Two missing hikers made their own way off Mount Shasta, showing up hungry and tired in a town more than 10 miles from the mountaintop and two days after making a 911 call for help, authorities said.
Patricia Giamoni and friend Salvador Frias walked onto the shipping docks of Rosewood Forest Products in Weed late Monday, Siskiyou County Sheriff's Department spokeswoman Susan Gravenkamp said.
Weed is just outside the boundaries of the Shasta-Trinity National Forest, which includes Mount Shasta.
The hikers were taken to Mercy Medical Center Mount Shasta, where they were evaluated and then released, said Michael Odle, a Shasta-Trinity spokesman.
"They're feeling better. They're still tired and worn. They're eager to get home," Odle said. "They were dehydrated, hungry and tired. They had minor abrasions. They're happy to be off the mountain."
Frias had called 911 late Saturday from the top of the 14,162-foot mountain and said they needed help. Giamoni, 37, of Apex, N.C., and Frias, 41, of Millbrae, had a day permit to hike the Cascade Range mountain about 220 miles north of Sacramento.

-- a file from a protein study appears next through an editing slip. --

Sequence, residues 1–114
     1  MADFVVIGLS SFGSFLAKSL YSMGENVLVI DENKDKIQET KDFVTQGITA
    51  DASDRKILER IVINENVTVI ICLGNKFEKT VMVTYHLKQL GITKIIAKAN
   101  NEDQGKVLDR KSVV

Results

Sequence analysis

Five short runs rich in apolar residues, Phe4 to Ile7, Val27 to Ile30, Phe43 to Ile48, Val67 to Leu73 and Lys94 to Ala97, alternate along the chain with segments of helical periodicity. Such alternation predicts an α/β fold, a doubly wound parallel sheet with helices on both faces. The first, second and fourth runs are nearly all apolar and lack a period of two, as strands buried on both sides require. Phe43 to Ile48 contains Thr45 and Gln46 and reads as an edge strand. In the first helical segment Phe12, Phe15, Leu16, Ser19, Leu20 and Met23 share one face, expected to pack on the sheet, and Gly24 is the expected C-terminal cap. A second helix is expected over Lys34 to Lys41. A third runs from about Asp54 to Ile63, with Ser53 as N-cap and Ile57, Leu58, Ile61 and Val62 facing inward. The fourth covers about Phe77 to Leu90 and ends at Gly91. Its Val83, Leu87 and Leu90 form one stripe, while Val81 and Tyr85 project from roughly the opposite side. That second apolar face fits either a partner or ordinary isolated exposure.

The aerial search for the pair had been hampered by smoke from hundreds of wildfires throughout Northern California.
Frias' 911 call Saturday was lost before it could be transferred to the sheriff's department, and authorities couldn't get through when they tried redialing the number.
About 30 minutes later, Giamoni's son, Frank Machado, called from North Carolina and said she had called him from the mountain reporting she and Frias needed help.
Frias had given a description of the area and partial coordinates, but that was not enough to help rescuers.
"They weren't able to pinpoint their location," Gravenkamp said.
As many as 100 searchers had combed the trails and rugged backcountry terrain since the 911 call. On Monday, two helicopters dropped eight rescuers onto the mountain, a volcanic peak of the Cascade Range that is about 220 miles north of Sacramento. Authorities also asked the roughly 120 recreational climbers on the mountain to watch for the pair.